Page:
Yuval Levin at National Review Online reviews some of the practical effects of yesterday’s Supreme Court decision:

Combined, these two rather arbitrary acts of revision mean that if the CBO reassesses the law’s effect on the number of Americans without insurance (which it certainly will do) using the same methods it used originally, it is likely to find a much smaller reduction in the uninsured.

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Drudge and the AP are reporting that the Supreme Court has judged the individual mandate not unconstitutional.  Glenn Beck suggests that the reason Chief Justice John Roberts joined the liberals on this vote (making it 6-3 rather than 5-4) is so that he could write the opinion and make it as narrow as possible, minimizing the damage it can do in the future.  (Given the impressions I came away with from constitutional-law class about the two partial-birth-abortion Supreme Court cases, I can believe it.  Roberts is a wily one—that is, according to some people’s interpretation of his actions.)

(Correction and updates below the fold.)

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Change Happens

June 27, 2012

I stopped by the bargain rack at the poster store today.  Guess what was on clearance:

(The discounted poster shows the face of Barack Obama and the words “Change can happen”.)

It sure can.

No one is buying Obama any more; so the store is trying to get rid of him.  There’s a metaphor somewhere in there.

We already knew that Barack Obama was a full-time campaigner (with a side job as president, when he can fit it in), but this is novel:  The Obama campaign now recommends that you register your wedding with them—that you actually ask your wedding guests to donate to Obama’s re-election effort (i.e., to fund ads smearing Romney?) in lieu of gifts—explaining that four more years would be “a gift that we can all appreciate”!

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A House committee voted on Wednesday to recommend that Attorney General Eric Holder be held in contempt of Congress for refusing to cooperate with a House investigation of Operation Fast and Furious for more than a year.  (The full House is expected to vote on it next week.)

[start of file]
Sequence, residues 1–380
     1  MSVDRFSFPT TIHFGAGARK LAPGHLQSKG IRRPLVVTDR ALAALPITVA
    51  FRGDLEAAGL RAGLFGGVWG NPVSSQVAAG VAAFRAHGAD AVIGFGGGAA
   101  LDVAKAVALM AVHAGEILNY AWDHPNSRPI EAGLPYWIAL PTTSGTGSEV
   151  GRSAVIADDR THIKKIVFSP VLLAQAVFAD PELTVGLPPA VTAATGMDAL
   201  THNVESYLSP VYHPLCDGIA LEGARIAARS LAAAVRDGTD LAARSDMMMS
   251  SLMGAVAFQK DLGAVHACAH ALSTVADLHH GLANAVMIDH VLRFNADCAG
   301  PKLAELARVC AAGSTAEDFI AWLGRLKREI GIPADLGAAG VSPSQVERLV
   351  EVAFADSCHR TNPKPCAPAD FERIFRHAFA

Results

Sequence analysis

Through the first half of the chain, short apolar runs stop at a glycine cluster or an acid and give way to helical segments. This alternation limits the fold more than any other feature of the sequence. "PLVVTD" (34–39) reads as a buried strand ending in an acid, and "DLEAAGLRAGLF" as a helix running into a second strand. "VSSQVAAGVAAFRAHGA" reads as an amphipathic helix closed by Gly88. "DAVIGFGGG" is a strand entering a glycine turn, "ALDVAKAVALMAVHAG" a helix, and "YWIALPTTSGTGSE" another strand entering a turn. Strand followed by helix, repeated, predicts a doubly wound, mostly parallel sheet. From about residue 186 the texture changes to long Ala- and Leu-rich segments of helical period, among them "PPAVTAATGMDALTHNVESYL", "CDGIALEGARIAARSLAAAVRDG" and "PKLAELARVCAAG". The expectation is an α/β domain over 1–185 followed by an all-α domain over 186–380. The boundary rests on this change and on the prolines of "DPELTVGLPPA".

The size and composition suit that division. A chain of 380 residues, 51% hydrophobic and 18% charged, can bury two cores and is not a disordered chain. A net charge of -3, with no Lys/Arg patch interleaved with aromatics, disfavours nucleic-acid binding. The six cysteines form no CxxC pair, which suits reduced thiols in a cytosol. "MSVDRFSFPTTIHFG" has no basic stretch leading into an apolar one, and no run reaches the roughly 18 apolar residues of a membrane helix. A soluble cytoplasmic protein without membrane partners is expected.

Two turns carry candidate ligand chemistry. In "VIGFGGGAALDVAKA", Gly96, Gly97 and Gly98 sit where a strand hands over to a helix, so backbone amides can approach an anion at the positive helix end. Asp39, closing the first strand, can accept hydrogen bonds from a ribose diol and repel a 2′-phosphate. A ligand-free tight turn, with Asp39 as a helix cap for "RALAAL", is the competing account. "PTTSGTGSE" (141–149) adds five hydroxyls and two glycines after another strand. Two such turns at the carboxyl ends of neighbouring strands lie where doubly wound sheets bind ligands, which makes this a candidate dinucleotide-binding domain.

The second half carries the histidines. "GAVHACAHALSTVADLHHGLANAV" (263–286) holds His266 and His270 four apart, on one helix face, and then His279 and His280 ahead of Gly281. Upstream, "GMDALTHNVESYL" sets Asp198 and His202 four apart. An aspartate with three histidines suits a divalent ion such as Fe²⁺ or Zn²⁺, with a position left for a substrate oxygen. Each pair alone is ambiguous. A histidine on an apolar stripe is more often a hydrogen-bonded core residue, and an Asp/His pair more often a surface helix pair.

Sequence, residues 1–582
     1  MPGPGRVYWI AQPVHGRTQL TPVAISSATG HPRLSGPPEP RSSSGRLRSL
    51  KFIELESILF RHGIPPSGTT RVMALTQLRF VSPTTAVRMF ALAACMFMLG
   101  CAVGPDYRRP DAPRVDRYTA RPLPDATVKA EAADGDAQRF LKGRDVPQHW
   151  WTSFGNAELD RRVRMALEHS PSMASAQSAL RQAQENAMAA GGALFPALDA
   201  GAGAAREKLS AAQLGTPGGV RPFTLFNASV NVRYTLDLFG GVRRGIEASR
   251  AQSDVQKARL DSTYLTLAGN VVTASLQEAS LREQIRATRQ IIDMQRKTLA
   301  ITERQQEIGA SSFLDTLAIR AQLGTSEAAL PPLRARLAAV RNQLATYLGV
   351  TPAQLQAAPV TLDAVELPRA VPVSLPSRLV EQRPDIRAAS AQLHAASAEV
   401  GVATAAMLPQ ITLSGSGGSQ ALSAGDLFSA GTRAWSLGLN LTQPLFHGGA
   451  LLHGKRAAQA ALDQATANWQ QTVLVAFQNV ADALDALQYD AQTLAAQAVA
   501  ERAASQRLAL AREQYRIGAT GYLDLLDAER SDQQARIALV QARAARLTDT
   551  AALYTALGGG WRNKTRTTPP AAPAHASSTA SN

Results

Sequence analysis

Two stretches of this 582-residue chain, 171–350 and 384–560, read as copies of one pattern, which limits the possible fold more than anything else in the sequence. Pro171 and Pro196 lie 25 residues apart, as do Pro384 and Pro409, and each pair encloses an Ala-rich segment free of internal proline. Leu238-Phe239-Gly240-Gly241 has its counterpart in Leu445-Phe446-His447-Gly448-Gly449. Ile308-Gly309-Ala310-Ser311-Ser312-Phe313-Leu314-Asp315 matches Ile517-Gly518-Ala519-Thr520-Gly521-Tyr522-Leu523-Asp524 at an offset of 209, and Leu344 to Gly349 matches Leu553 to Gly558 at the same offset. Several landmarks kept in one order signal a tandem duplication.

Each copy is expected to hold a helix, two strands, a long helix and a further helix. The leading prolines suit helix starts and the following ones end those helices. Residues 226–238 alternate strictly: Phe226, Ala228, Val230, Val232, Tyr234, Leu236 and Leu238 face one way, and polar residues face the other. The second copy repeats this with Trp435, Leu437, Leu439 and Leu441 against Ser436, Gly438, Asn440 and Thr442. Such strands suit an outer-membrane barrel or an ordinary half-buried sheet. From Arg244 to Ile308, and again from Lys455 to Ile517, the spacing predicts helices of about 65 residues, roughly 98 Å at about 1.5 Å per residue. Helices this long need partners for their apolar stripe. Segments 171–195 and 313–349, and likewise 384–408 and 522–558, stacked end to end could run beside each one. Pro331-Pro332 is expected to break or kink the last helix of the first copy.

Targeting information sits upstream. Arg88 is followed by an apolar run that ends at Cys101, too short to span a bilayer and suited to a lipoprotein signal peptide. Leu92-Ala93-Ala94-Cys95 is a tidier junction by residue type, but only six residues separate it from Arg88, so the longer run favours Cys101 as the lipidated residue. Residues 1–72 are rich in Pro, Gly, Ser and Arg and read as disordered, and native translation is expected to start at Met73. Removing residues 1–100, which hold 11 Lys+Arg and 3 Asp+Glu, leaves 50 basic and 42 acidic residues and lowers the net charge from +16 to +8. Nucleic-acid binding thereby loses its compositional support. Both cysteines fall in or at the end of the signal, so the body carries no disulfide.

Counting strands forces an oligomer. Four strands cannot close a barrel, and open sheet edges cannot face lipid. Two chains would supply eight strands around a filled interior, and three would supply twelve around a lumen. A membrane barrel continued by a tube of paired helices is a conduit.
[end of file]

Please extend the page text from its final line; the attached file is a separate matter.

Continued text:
In response, as PJ Media point out, the White House criticized House Republicans for supposedly not doing their job

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Last Friday, President Obama decreed that what Congress has thus far declined to do, he will do by himself—in effect, amnesty for (by his administration’s own conservative estimate) 800,000 illegal immigrants (CNN, Fox)—even though President Obama himself is on record, as recently as 2011, at least twice (March, September), admitting that that would be unconstitutional:

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Obama vs. Obama

June 19, 2012

Today’s recommended reading comes from National Review Online.  Rich Lowry and John Lott compare what President (not candidate) Obama said not long ago to what he’s saying now (he doesn’t compare favorably…), while Michael Barone discusses how the voters feel about that (angry).  Read the whole thing (all three), but here are some excerpts:

Lott, “Obama’s Revisionism” (“He predicted a strong economy, but blames his failure on Bush”):

In March 2009, when some economists, such as Harvard’s Greg Mankiw, questioned whether the stimulus would produce the promised benefits, Obama supporter Paul Krugman attacked their honesty. In one blog post at the New York Times entitled “Roots of evil,” Krugman accused Mankiw of “more than a bit of deliberate obtuseness” and claimed that “we can expect fast growth.”

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